Pore-scale dispersion in electrokinetic flow through a random sphere packing

Dzmitry Hlushkou, Siarhei Khirevich, Vladimir Apanasovich, Andreas Seidel-Morgenstern, Ulrich Tallarek*

*Corresponding author for this work

Research output: Contribution to journalArticlepeer-review

37 Scopus citations


The three-dimensional velocity field and corresponding hydrodynamic dispersion in electrokinetic flow through a random bulk packing of impermeable, nonconducting spheres are studied by quantitative numerical analysis. First, a fixed bed with interparticle porosity of 0.38 is generated using a parallel collective-rearrangement algorithm. Then, the interparticle velocity field is calculated using the lattice-Boltzmann (LB) method, and a random-walk particle-tracking method is finally employed to model advection-diffusion of an inert tracer in the LB velocity field. We demonstrate that the pore-scale velocity profile for electroosmotic flow (EOF) is nonuniform even under most ideal conditions, including a negligible thickness of the electrical double layer compared to the mean pore size, a uniform distribution of the electrokinetic potential at the solid-liquid interface, and the absence of applied pressure gradients. This EOF dynamics is caused by a nonuniform distribution of the local electrical field strength in the sphere packing and engenders significant hydrodynamic dispersion compared to pluglike EOF through a single straight channel. Both transient and asymptotic dispersion behaviors are analyzed for EOF in the context of packing microstructure and are compared to pressure-driven flow in dependence of the average velocity through the bed. A better hydrodynamic performance of EOF originates in a still much smaller amplitude of velocity fluctuations on a mesoscopic scale (covering several particle diameters), as well as on the microscopic scale of an individual pore.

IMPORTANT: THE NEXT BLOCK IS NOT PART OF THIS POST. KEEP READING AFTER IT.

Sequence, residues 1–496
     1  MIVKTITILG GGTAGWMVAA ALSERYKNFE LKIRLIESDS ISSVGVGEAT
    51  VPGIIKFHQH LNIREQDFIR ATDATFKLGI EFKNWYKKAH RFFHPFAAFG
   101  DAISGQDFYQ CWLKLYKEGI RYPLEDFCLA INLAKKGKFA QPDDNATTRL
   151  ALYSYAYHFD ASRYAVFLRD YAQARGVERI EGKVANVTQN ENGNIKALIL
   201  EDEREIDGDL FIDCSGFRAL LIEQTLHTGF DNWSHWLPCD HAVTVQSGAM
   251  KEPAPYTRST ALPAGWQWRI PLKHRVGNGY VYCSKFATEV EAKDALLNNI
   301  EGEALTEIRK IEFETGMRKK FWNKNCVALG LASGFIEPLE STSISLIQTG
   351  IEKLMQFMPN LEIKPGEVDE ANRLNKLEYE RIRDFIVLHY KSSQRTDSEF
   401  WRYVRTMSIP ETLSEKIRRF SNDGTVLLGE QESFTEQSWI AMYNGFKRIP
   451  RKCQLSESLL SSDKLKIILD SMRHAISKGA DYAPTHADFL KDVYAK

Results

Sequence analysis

Original languageEnglish (US)
Pages (from-to)113-121
Number of pages9
Issue number1
StatePublished - Jan 1 2007
Externally publishedYes

ASJC Scopus subject areas

  • Analytical Chemistry


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